Reviewed by Timothy Henry
There is an index at the back of Zachary Schomburg's second book of poetry, Scary, No Scary. Many books of poetry contain an index, usually an alphabetical list of the poems' titles. Schomburg's index, however, lists 84 themes that appear throughout the poems; for instance, “Birthday, or the idea of apologizing for missing one's party” can be found on pages 24 and 62, poems about “Leaving (and never returning)” can be found on 10 different pages, while “Sawing in half, or the idea of division” can be found on 6 pages, though you might want to also look at the poems listed under “Part-species, or hybrid species (see also Sawing in half).” Schomburg's poems, gracefully arranged across 79 pages, are just as strange and unorthodox as the index of themes, but the book's uncanny beauty isn't limited to these numerical games: this is a cohesive and (successfully) daring collection of poems, often reading like the diary of a delusional child-prodigy, with an absurd yet compelling narrative strung throughout.
As the title suggests, Scary, No Scary attempts to find the thin line (if it even exists) between terror and pleasure. What better way to do this than by relying on an adolescent's perspective, albeit a highly intelligent, highly promiscuous youth, living in a seemingly post-apocalyptic universe. The landscape of Scary, No Scary is unchartered literary territory: chandeliers made from broken dishes, nameless men and women transforming into trees, boys becoming hummingbirds, and twins named “Invisible” and “Not Invisible.” As frightening as all this might sound, Schomburg’s tone remains hilarious throughout: “Either way, let’s not just stand here/with our fingers up our butts.”
If Cormac McCarthy’s The Road is this generation’s great somber novel about the post-apocalyptic world, Scary, No Scary makes the end of modern civilization look a bit more fun, and much more psychedelic. Like The Road, Schomburg’s future universe is devoid of personal identity: “Neither of us have names / especially you.” Life is rather abundant as well, especially trees. We can all rest assured that the youth of the post-world will still be afraid of entering the woods late at night, not fearful of wild animals or witches, but fearful of finding what is “half-buried” beneath dead leaves, be it a bodiless woman or one’s own beating heart. Becoming part of the woods, too, is of great concern:
Soon you’ll be
You’ll go camping in the woods
and never come back.
Animal life is also abundant, especially insects and hummingbirds, both of which humans can randomly turn into:
How do you tell someone
their family is
How do you tell someone
their boy is
Jaguars, too: “You were becoming more and more jaguar.”
But even with all this anthropomorphic action, the post-apocalyptic teenager still retains teenage desires. Unlike today’s youths, who are really only concerned with accidental pregnancy and unwelcomed transmitted diseases (if they are concerned about anything), the sexually adventurous kids of Schomburg’s future have bigger concerns, such as choosing “between floating eternally in a buoyant cage of hummingbird bones down a river of lava or a river of blood.” Break-ups, too, will take on a different form, as seen in the prose poem “Goodbye Lessons”: “I have to say goodbye . . . I will know that goodbyes are when you eat yourself to death.” In The Road, we had to be concerned with cannibalistic wanderers eating our children; in Scary, No Scary, we need to be concerned about our kids eating themselves. All concerns aside, these kids are still looking for a good place to make out:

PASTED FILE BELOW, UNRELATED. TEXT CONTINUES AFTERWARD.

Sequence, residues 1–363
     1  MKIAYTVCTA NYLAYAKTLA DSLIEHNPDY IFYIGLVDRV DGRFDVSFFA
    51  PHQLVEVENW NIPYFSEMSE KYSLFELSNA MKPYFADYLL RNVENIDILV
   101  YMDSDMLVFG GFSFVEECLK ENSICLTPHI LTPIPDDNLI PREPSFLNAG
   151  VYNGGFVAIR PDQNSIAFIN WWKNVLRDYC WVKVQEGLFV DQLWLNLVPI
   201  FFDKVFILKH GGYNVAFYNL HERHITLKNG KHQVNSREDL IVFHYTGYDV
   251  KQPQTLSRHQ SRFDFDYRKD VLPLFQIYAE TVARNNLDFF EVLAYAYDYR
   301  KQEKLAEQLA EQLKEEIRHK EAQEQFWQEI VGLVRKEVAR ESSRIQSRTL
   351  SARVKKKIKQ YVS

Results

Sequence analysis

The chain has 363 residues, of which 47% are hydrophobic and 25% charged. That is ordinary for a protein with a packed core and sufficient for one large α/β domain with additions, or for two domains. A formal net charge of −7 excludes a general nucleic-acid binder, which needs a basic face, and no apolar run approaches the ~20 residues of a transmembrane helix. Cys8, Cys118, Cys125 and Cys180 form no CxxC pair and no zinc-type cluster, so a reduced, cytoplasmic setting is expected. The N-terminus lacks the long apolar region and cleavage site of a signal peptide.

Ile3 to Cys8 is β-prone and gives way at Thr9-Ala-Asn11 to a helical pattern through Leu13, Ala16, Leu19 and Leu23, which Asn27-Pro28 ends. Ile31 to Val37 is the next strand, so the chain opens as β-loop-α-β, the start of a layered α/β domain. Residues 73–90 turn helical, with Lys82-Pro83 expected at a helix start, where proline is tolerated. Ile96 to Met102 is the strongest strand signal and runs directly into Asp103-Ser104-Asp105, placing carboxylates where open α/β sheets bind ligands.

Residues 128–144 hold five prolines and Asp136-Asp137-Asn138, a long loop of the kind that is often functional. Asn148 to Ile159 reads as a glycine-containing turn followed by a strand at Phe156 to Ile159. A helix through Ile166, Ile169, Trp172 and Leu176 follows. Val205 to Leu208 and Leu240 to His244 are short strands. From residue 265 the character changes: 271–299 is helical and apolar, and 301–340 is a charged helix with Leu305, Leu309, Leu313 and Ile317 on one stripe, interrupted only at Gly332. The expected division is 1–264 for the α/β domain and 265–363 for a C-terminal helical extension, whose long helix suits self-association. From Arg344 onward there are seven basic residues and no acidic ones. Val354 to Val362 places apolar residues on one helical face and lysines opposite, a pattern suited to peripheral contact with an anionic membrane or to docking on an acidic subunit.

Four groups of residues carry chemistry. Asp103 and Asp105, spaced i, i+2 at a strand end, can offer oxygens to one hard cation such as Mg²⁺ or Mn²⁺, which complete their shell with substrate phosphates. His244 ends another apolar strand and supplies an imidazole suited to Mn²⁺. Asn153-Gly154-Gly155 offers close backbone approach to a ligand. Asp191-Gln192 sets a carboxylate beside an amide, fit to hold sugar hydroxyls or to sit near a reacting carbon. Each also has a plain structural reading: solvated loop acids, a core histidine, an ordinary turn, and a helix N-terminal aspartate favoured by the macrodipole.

I know a place where we can escape the dead hummingbird
problem, a pond no one knows about, cold and clean. It is fed
by a mountain stream. We can take off all our clothes there and
maybe have sex.
Scary, No Scary is organized into four sections. The first is mainly comprised of short, wonderfully sonic lyrics, reminiscent of Robert Creeley (in the midst of a bad LSD trip) or, more recently, Graham Foust (if Foust was an evil clown). These poems introduce the narrator and his views on the scarce world in which he lives. The second section consists mainly of prose poems, surreal yet darkly beautiful, like a horror-core band (comprised of musicians who really know how to play their instruments) interpreting James Tate. The final two sections are sequences, the first being “The Histories” and the second “The Pond.” “The Histories” tells a story of the narrator in his dining room (which doesn’t actually exist) setting a table with dishes beneath a chandelier (none of which exist, either) in a dark, floorless and ceiling-less house. All that exists, it seems, is the narrator, who simply describes this non-existent scene. “The Pond” may be referring to the pond where the narrator takes his lover earlier in the book, but we will never know for sure, since the narrator is unsure of everything:
At the edge of the pond
someone who looks like me
is holding hands
with someone who looks like you.
I begin to wonder who I am
because I don’t look like me.
So what are we to make of Zachary Schomburg’s universe in Scary, No Scary? Should we be fearful of what is to come after the apocalypse? Of course, but instead of being afraid of cannibals and violence, we should be afraid of morphing into hummingbirds and having to apologize for missing a friend’s birthday party. Will the end of the world bring just the “scary” or the “no scary” as well? As far as we can tell, there will be a combination of both. One of the only moments where the narrator actually tells us he is fearful of something comes from “The Black Hole”: “I’m afraid of myself.” Considering this could be said about most people today, things might not be too different. Hopefully, each day that comes after the apocalypse will flow into the next as perfectly as the movements of these poems.